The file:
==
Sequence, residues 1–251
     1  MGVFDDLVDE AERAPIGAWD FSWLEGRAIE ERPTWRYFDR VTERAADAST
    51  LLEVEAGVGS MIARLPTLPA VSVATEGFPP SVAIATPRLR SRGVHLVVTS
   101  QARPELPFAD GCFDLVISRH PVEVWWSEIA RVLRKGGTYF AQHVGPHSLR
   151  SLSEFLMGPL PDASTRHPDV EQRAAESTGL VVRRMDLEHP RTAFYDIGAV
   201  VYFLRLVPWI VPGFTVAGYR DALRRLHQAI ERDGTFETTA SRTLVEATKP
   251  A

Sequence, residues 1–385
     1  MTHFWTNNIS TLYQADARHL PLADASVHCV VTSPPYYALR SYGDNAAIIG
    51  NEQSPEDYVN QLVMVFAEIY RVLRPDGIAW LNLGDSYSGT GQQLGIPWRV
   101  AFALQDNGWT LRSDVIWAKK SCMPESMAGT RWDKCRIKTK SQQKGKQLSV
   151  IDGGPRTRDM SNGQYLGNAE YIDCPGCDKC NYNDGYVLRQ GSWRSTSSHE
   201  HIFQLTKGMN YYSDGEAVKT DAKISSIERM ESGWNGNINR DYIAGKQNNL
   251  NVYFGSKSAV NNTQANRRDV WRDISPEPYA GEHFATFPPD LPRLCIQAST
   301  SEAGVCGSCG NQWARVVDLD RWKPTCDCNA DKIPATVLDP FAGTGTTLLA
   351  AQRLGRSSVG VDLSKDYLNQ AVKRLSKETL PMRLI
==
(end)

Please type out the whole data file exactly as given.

Sequence, residues 1–251
     1  MGVFDDLVDE AERAPIGAWD FSWLEGRAIE ERPTWRYFDR VTERAADAST
    51  LLEVEAGVGS MIARLPTLPA VSVATEGFPP SVAIATPRLR SRGVHLVVTS
   101  QARPELPFAD GCFDLVISRH PVEVWWSEIA RVLRKGGTYF AQHVGPHSLR
   151  SLSEFLMGPL PDASTRHPDV EQRAAESTGL VVRRMDLEHP RTAFYDIGAV
   201  VYFLRLVPWI VPGFTVAGYR DALRRLHQAI ERDGTFETTA SRTLVEATKP
   251  A

Sequence, residues 1–385
     1  MTHFWTNNIS TLYQADARHL PLADASVHCV VTSPPYYALR SYGDNAAIIG
    51  NEQSPEDYVN QLVMVFAEIY RVLRPDGIAW LNLGDSYSGT GQQLGIPWRV
   101  AFALQDNGWT LRSDVIWAKK SCMPESMAGT RWDKCRIKTK SQQKGKQLSV
   151  IDGGPRTRDM SNGQYLGNAE YIDCPGCDKC NYNDGYVLRQ GSWRSTSSHE
   201  HIFQLTKGMN YYSDGEAVKT DAKISSIERM ESGWNGNINR DYIAGKQNNL
   251  NVYFGSKSAV NNTQANRRDV WRDISPEPYA GEHFATFPPD LPRLCIQAST
   301  SEAGVCGSCG NQWARVVDLD RWKPTCDCNA DKIPATVLDP FAGTGTTLLA
   351  AQRLGRSSVG VDLSKDYLNQ AVKRLSKETL PMRLI